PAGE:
Economists from Capital Economics said, however, that Japan was one factor in the overall weakness in commodity prices.

“More generally, we have been arguing for some time that these prices would soon reach danger levels that would undermine demand and contribute, in time, to sharp falls,” Capital Economics said in a report.

Some analysts said oil prices had been due for a correction, with the speculative nature of the markets one reason behind its recent rise. Prices have risen on a weaker dollar and heightened concerns over the potential for oil supply disruptions in the Middle East and North Africa. Other commodities were also lower, including gold, silver, copper, cotton and corn.

As oil prices fell, so did energy shares, which declined nearly 3 percent. Industrials and materials shares were at least 1 percent lower.

The Dow Jones industrial average was down 0.95 percent or 115.53 points, while the broader Standard Poor’s 500-stock index declined 0.78 percent. The technology-heavy Nasdaq composite fell 0.96 percent.

Also weighing on Tuesday’s market were quarterly results from Alcoa, the aluminum producer, which reported Monday after the market closed that its first-quarter profit slightly beat estimates but that its revenue lagged behind estimates. Alcoa shares fell more than 6 percent.

But oil was the main focus of investors. Clark Yingst, a chief market analyst for Joseph Gunnar, said that the recent surge in prices has not been driven by underlying demand but by a weaker dollar and the geopolitical crisis in the Middle East and North Africa.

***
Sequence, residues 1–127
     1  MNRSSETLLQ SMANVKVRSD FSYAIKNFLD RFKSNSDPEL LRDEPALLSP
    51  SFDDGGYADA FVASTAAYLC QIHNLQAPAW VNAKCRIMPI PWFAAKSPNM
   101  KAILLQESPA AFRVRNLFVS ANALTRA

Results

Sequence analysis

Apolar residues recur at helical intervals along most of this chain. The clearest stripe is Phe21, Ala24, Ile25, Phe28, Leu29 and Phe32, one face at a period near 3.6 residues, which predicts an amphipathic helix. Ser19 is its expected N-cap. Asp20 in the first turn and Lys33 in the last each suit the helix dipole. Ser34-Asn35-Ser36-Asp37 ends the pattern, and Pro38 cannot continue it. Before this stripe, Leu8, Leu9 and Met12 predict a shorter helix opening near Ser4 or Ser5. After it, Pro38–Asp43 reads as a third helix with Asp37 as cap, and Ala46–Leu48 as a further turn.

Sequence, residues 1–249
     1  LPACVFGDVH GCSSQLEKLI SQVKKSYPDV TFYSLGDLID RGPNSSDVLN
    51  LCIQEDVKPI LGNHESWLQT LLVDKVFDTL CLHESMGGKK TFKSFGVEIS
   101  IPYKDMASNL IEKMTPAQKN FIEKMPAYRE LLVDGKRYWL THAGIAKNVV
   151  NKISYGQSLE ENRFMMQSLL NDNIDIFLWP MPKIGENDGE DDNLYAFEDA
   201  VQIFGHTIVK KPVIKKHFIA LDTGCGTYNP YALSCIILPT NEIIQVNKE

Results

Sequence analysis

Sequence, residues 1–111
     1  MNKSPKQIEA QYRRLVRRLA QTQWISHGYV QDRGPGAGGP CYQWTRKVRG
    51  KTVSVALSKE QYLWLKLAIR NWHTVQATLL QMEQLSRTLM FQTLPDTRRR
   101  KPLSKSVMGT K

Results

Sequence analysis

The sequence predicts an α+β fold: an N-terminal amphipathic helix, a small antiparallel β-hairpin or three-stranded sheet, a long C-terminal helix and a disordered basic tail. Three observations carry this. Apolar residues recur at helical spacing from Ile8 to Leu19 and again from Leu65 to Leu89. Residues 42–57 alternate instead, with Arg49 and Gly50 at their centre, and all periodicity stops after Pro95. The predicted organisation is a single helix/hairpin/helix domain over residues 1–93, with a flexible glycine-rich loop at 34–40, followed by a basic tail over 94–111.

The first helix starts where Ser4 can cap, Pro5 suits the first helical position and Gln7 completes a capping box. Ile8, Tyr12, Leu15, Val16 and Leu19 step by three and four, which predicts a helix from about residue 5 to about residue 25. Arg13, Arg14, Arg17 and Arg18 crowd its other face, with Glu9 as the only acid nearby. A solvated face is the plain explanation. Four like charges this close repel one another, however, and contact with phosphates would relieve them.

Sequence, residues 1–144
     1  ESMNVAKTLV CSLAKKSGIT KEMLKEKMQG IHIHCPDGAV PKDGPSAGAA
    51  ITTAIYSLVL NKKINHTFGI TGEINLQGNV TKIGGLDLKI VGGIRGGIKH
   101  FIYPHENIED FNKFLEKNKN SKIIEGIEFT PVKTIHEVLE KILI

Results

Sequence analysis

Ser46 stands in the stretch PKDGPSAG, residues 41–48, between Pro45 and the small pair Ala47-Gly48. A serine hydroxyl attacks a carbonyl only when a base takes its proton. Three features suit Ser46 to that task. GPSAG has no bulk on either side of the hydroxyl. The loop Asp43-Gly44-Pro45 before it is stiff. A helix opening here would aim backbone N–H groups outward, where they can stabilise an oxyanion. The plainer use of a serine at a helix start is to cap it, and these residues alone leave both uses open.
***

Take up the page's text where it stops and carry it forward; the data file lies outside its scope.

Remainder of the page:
Goldman Sachs economists wrote in a research report that they expected a “substantial pullback” of $20 in the near-term target price of Brent crude oil price goal to $105 a barrel.

“We continue to believe that — even with the loss of Libyan production — the oil market has adequate inventory and OPEC spare production capacity to avoid the degree of physical tightness experienced in 2008 well into next year,” the report said.

Mr. Yingst also said the International Monetary Fund had recently reduced its growth forecasts for the United States because of higher energy prices. And an International Energy Agency report on Tuesday hinted that there were early signs of demand for oil starting to ease.

Speculation has also been cited as a factor in the surge in prices, and the Commodity Futures Trading Commission said in its most recent report that oil futures contracts had increased 4.5 percent as of last Tuesday to reach the third highest level since records started in 2006.

Such speculation, Mr. Yingst said, “contributed to the sky rocketing oil prices” in the futures market in 2008. “All of that has come together and caused the decline across the board,” he said of the range of factors affecting the drop in commodity prices.

But he said the decline in oil prices was good in that it could help consumer discretionary spending and lower inputs for corporations.

Meanwhile, bond prices benefited from increased risk aversion and fears over the human and economic costs of the continuing situation in Japan, an analyst said.

“Recognizing this, the global investment community is taking the latest developments as good reason to reinitiate the “flight to quality” trade by fleeing riskier assets in favor of Treasuries,” said Kevin H. Giddis, the executive managing director and president for fixed-income capital markets at Morgan Keegan Company.

Article source: http://feeds.nytimes.com/click.phdo?i=9f3445f4218eee0a177517ff2ff09bf6